Why Internships Are Important

39In his new book There Is Life After College Jeffrey Selingo discloses an important statistic. 79% of students that had an internship while in college moved into a full-time job upon graduation. So having an internship is important. But there are some tips I’d like to share to make sure you get the most out of an internship.

Internship Tip #1

When you are in an internship, say “Yes” to everything. Be passionate and enthusiastic and let people around you know you want to learn about everything and that you’re hungry for every opportunity.

Internship Tip #2

To get the most out of your internship, ask lots of questions. Internships are learning experiences, so be curious. Mentors love sharing what they know with people who are really interested.

Internship Tip #3

Don’t be afraid to contribute your ideas. Interns bring a fresh perspective, one that may seem obvious to you, but isn’t necessarily to the people inside the station. Learning can be a two-way street.

Internship Tip #4

Interns need to earn the trust of the people inside the station. People at the station may feel it’s easier to just do something themselves than to ask the intern to do it. Don’t expect people to just give you things to do, ASK for things to do.

Internship Tip #5

Be persistent. One of my favorite quotes about persistence comes from President Calvin Coolidge: “Nothing in this world can take the place of persistence. Talent will not. Nothing is more common than unsuccessful men with talent. Genius will not. Unrewarded genius is almost a proverb. Education will not. The world is full of educated derelicts. Persistence and determination alone are omnipotent.”

Internship Tip #6

Never think what you’re doing goes unnoticed. People are watching. If you spend all your time on your smartphone, people will notice. If you’re a student that is always there, helping out even before being asked, people will notice that too.

Bonus Internship Tip

Remember, when you are being interviewed for an internship, that you are also interviewing the person who will mentor you. Mentoring Talent is a subject I wrote about on another blog post and it’s a list of things you will want to be looking for in the person you will be interning under.

I’ve seen so many students of mine turn their internships into their first job upon graduation, because they so impressed the people at the radio or TV station they were interning at the management of the station didn’t want to see them leave at the end of the internship.

This is how you full leverage your internship into a job opportunity.

 

6 Comments

Filed under Education, Mentor, Radio, Sales, Uncategorized

6 responses to “Why Internships Are Important

  1. jmelnick@coloradio.com

    GM Dick:

    Great post. Very concise.. Cheers Jay @ ColoRadio

    But as you know the job market is shrinking…

    Like

  2. My friend Paul Easton sent these additional tips from Tim Johns from across the pond you might want to also consider when doing your internship.

    http://www.timjohns.org/2016/04/01/how-to-not-mess-up-your-work-experience-placement/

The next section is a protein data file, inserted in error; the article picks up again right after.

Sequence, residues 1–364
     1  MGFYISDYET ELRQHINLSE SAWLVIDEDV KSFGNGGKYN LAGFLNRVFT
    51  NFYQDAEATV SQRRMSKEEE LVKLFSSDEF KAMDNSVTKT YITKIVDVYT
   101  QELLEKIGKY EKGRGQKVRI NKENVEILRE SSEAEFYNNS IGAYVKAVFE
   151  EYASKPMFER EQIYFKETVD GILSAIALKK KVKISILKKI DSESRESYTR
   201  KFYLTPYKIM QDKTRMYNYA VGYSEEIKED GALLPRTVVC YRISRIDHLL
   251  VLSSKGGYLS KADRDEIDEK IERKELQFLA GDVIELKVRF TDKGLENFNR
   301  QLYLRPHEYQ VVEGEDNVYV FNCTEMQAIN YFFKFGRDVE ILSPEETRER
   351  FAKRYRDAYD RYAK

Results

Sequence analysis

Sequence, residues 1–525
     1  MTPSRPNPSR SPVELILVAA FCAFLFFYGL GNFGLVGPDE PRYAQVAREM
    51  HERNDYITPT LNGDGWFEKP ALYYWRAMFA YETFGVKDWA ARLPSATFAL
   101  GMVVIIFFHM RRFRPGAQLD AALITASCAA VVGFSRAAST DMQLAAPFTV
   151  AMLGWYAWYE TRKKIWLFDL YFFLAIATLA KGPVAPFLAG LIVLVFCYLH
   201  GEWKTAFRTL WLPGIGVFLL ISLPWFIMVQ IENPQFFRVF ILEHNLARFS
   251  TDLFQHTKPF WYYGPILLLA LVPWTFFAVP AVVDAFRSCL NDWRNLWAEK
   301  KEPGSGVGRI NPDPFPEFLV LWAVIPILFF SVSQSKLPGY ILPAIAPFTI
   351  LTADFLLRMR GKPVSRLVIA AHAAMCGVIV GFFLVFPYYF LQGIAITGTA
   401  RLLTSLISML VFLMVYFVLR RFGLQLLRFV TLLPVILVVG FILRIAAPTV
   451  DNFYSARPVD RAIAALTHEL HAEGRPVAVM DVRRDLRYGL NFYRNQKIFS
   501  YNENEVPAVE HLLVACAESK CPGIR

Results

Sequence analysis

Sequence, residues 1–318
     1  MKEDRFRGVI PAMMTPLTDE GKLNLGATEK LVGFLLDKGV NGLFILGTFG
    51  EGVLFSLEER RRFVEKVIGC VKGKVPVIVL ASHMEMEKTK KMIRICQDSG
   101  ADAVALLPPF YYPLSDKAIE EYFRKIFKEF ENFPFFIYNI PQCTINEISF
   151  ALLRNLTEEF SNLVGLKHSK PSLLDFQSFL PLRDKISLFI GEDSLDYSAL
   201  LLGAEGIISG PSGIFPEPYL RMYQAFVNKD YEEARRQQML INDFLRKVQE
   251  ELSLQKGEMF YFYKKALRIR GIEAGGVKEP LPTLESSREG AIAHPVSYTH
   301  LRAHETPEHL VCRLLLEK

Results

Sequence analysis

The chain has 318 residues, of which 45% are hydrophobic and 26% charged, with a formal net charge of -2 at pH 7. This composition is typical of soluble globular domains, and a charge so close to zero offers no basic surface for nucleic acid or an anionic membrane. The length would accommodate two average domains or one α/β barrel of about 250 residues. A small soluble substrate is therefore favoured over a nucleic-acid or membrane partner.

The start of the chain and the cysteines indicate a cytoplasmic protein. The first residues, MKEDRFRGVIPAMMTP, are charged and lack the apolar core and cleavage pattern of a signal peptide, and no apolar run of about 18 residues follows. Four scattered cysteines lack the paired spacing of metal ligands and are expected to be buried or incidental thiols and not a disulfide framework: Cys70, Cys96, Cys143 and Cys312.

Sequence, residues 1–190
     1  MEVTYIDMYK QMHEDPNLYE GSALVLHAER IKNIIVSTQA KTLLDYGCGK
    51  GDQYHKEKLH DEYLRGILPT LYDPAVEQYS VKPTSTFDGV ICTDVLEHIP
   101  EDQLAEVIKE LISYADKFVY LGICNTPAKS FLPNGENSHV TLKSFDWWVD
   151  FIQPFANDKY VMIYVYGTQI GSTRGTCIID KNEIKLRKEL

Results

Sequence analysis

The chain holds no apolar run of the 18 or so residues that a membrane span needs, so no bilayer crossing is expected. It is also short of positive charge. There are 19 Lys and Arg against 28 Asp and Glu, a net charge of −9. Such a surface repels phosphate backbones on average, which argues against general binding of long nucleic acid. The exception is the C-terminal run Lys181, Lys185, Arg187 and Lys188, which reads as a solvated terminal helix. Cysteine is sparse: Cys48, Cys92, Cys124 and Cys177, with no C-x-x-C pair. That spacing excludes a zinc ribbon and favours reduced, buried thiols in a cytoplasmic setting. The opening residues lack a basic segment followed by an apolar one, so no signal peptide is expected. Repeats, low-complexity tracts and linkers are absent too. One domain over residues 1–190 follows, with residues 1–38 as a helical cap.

Like

  3. ws1o

    My production intern at WBAB became my paid assistant as soon as I could get management to budget the money to create that job, when I left the station I got them to hire him as my replacement, and later he became Program Director at WCCC and then a VP of Programming for Clear Channel. Another production intern I had at WBAB became assistant Production Director and eventually Production Director and won a Clio award while he was there.

    Liked by 1 person

  4. Unfortunately, back in the dark ages when I started in broadcasting, we’d never heard of internships. I remember the first summer we had a couple of them at WABC was probably in the early 80s, and it was truly a new thing for us. Over the years since, we’ve had more than I can remember (it’s always funny to read that some notable current broadcast person was an intern at WABC Radio and have no memory of them), but time and time again, the really good ones ended up working with us. I know that a popular trend is for former interns to sue, saying they were used as an unpaid employee, but honestly, if you are an intern, it’s that how you truly want to be treated? In my experience, it has always been the ones who impress you with their work ethic and willingness to get involved that make the transition from intern to employee. In fact, one of those first two interns from the 80s went on to get herself a NABET Vacation Relief Engineer job at WABC the next year, and she was just the first in a long string of intern to employee transitions at WABC Radio during my 40 years there, and it’s still happening right now! Yes, I think the companies need to give some compensation to interns to be fair, but it’s the closest thing we have to an apprenticeship in this industry, and I hope the greedy few, won’t spoil it for the many many who derive great job experience from the program. I would tend to believe that those who sue are more likely the “all the time on your smart phone” intern rather than the go getter who becomes part of the crew, and who everyone is truly sad to see leave when it’s time for them to return to school!

    Frank

    Liked by 1 person

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